Jason Rosenbaum | St. Louis Public Radio

The Politically Speaking podcast duo welcomes veteran Democrat Mike Jones as this week’s guest for a particularly lively show that focuses on education and black leadership.

A graduate of Beaumont High School and UMSL, Jones currently sits on the state Board of Education.

St. Louis County Councilwoman Hazel Erby, D-University City, wants to raise the county's minimum wage to $15 an hour.
Jason Rosenbaum | St. Louis Public Radio

Weeks after St. Louis County Executive Steve Stenger appeared to shut the door on a minimum wage increase, his chief rival on the county council is angling to bring the issue back into the forefront.

Councilwoman Hazel Erby said in a press release on Monday that she has requested legislation increasing the minimum wage in St. Louis County. The University City Democrat said that she wants to raise the minimum wage to $15 an hour over five years.

A focus group moderator writes down participants' thoughts on racial and ethnic relations in St. Louis, after a meeting of the Ferguson Commission.
Durrie Bouscaren | St. Louis Public Radio

After months of deliberation and debate, the Ferguson Commission produced roughly 200 initial recommendations — an ambitious output for an entity charged with the job of issuing a report.

But Bethany Johnson-Javoism, the Commission's managing director, said the group’s “calls to action” are purposefully aspirational.

Sen. Eric Schmitt
Jason Rosenbaum | St. Louis Public Radio

This week, the Politically Speaking podcast team welcomes Missouri state Sen. Eric Schmitt, R-Glendale, the chief sponsor of the broad court-reform bill known as Senate Bill 5.

Gov. Jay Nixon signed the bill into law last week. Among other things, it restricts the percentage of income that a municipality can collect from traffic fines and related court fees.

City attorney Winston Calvert reisgned Nov. 18 2015
File photo Jason Rosenbaum I St. Louis Public Radio

Trying to best describe the legal status of local minimum wage increases is like wrapping your arms around an eel.

That’s because discussions around St. Louis and Kansas City minimum wage hikes have proceeded under the cloud of a now-vetoed bill, known as HB 722, that would have banned local minimum wage increases. And legal arguments around local wage hikes get decidedly slippery depending on whether that bill goes into effect or dies on the vine.

Former Sen. Maida Coleman
Jason Rosenbaum | St. Louis Public Radio

On this week’s episode of the Politically Speaking podcast, St. Louis Public Radio’s Jason Rosenbaum and Jo Mannies welcome former Missouri state Sen. Maida Coleman to the program.

The St. Louis Democrat was tapped last year to lead the Office of Community Engagement, an entity set up by Gov. Jay Nixon that, in his administration’s words, is aimed at “engaging communities, public and private sector leaders, clergy and citizens across the state in communication regarding critical issues affecting Missouri communities.” 

Children at the JSO Summer Learning Enrichment Program line up to play dodgeball last Tuesday. The camp takes place at Greater St. Mark Family Church's school, which had its air conditioning units stolen earlier this year.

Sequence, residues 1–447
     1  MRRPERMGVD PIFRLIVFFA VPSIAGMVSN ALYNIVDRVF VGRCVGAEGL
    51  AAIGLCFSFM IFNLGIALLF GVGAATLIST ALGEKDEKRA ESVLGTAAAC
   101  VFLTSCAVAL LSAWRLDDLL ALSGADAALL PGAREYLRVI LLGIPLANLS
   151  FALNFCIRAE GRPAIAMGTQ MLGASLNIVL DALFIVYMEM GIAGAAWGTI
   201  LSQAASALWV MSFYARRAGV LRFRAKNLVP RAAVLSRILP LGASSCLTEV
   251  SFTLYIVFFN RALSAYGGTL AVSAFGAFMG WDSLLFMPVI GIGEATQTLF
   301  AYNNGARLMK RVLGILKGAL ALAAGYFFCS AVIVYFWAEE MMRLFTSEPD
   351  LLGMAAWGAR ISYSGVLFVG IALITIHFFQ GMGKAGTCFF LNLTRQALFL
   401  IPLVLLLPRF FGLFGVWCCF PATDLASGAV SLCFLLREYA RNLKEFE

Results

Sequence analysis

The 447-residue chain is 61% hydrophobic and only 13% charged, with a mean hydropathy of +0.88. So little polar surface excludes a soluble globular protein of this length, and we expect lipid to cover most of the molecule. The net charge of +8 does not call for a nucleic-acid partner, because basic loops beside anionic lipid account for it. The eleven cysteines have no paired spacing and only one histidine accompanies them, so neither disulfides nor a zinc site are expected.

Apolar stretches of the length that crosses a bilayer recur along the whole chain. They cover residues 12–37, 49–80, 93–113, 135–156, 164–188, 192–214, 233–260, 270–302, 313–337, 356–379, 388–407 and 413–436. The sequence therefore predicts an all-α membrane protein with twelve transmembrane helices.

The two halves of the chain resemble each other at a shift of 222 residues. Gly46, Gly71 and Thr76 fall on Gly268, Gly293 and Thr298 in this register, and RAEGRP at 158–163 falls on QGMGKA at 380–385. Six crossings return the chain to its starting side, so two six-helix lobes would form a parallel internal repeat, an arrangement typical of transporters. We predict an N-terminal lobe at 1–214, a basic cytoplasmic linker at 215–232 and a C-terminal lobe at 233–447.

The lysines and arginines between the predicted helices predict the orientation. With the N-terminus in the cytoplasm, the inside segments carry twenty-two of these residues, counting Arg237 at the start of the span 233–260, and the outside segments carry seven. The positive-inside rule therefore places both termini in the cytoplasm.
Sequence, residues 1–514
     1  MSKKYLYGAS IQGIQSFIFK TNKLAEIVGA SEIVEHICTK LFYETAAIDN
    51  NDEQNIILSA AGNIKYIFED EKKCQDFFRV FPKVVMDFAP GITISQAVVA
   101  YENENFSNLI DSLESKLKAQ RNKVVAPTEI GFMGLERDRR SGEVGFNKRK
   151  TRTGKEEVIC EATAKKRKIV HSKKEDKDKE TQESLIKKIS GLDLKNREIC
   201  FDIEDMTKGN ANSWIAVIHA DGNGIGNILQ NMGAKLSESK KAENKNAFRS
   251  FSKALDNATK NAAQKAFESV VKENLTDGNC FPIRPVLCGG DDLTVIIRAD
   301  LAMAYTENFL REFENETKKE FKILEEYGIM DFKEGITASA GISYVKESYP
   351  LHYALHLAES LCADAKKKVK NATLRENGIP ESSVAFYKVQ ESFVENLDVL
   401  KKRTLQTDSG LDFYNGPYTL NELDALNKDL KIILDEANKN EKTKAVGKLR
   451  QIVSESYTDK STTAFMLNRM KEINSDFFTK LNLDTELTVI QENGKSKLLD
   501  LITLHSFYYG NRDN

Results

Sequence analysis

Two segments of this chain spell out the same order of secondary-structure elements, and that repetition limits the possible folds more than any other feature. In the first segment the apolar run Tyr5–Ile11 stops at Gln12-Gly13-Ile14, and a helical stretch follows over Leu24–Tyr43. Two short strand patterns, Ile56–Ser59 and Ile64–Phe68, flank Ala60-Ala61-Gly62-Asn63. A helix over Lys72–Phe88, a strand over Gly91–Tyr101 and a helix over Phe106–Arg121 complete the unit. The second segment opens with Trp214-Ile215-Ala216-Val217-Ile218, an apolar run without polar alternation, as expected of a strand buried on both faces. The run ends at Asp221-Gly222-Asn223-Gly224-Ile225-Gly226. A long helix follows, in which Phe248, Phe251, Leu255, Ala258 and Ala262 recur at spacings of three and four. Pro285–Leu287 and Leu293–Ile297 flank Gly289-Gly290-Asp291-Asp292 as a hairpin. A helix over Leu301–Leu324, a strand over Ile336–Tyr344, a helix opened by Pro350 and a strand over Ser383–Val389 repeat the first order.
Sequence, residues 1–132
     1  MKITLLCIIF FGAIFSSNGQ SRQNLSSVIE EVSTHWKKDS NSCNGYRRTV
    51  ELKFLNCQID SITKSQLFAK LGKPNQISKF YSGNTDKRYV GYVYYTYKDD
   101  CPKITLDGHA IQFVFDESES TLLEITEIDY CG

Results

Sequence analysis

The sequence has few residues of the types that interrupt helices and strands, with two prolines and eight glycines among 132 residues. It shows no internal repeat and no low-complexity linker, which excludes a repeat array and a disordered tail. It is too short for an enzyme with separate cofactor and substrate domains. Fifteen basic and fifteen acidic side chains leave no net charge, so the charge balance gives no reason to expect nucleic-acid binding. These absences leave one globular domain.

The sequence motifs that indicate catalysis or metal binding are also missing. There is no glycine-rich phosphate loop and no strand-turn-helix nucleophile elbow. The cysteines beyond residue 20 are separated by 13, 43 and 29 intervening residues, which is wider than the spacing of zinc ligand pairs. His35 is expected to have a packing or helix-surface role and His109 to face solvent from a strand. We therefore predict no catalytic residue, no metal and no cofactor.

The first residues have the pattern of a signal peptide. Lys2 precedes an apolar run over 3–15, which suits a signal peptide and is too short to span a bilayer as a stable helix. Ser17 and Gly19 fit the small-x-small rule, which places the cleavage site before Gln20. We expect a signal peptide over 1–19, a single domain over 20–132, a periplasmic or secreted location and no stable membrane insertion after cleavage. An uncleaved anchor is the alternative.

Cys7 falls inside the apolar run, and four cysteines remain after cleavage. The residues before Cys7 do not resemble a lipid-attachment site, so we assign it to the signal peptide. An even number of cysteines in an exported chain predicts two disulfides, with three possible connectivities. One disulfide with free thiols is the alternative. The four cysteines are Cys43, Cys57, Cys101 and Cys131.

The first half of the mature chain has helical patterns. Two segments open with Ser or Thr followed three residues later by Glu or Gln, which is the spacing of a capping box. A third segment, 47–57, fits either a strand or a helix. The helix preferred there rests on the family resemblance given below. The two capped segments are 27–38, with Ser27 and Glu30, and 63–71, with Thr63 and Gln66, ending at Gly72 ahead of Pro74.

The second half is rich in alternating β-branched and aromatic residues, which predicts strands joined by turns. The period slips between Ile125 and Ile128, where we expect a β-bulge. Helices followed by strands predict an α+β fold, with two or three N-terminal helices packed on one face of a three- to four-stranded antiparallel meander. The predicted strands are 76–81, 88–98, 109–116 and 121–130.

Jason Rosenbaum | St. Louis Public Radio

On a balmy Tuesday afternoon, dozens of young children could feel the competitive spirit floating through the hallways of Greater St. Mark Family Church’s school.

Youngsters enrolled in the JSO Summer Learning Enrichment Program filed into a gymnasium to play a spirited game of kickball. It’s one of numerous activities offered at the camp, which caters mainly to low-income children from north St. Louis County.

But competitiveness wasn’t the only thing wafting through the building. Walk into certain classrooms, and the sticky, sweaty aura of heat is unmistakable.

House Speaker Todd Richardson
Jason Rosenbaum | St. Louis Public Radio

On this edition of the Politically Speaking podcast, St. Louis Public Radio’s Jason Rosenbaum and Jo Mannies welcome back House Speaker Todd Richardson to the program.

State Rep. Tommie Pierson is keenly aware that Missouri has never elected a black statewide officeholder in its history. And he’s decided to do something about it.

The Bellefontaine Neighbors Democrat and senior pastor at Greater St. Mark Family Church told St. Louis Public Radio Tuesday he would forgo another term in the Missouri House and run for lieutenant governor next year. He said he’s making his run with history in mind.

Missouri Highways and Transportation Commission chairman Steven Miller was in St. Louis on Monday to talk with reporters about rebuilding I-70.
Jason Rosenbaum | St. Louis Public Radio

Stephen Miller wants Missourians to see Interstate 70 as more than just a way to travel from St. Louis to Kansas City – or as a means to get to the glorious statue of Jim the Wonder Dog in Marshall.

The chairman of the Missouri Highways and Transportation Commission wants to spark a public conversation about restructuring the widely traveled highway. That includes figuring out a revenue source to pay for what he says are much-needed repairs.

Mayor Francis Slay and County Executive Steve Stenger
Jason Rosenbaum and Alex Heuer | St. Louis Public Radio

Since St. Louis County Executive Steve Stenger took office earlier this year, there have been questions about his relationship with St. Louis Mayor Francis Slay.

They’re not just errant queries: Slay supported then-St. Louis County Executive Charlie Dooley over Stenger in last year’s Democratic primary — as did some of the  mayor's political organization. But both men say they’re burying the hatchet — and, at least, are using telephones to speak with each other.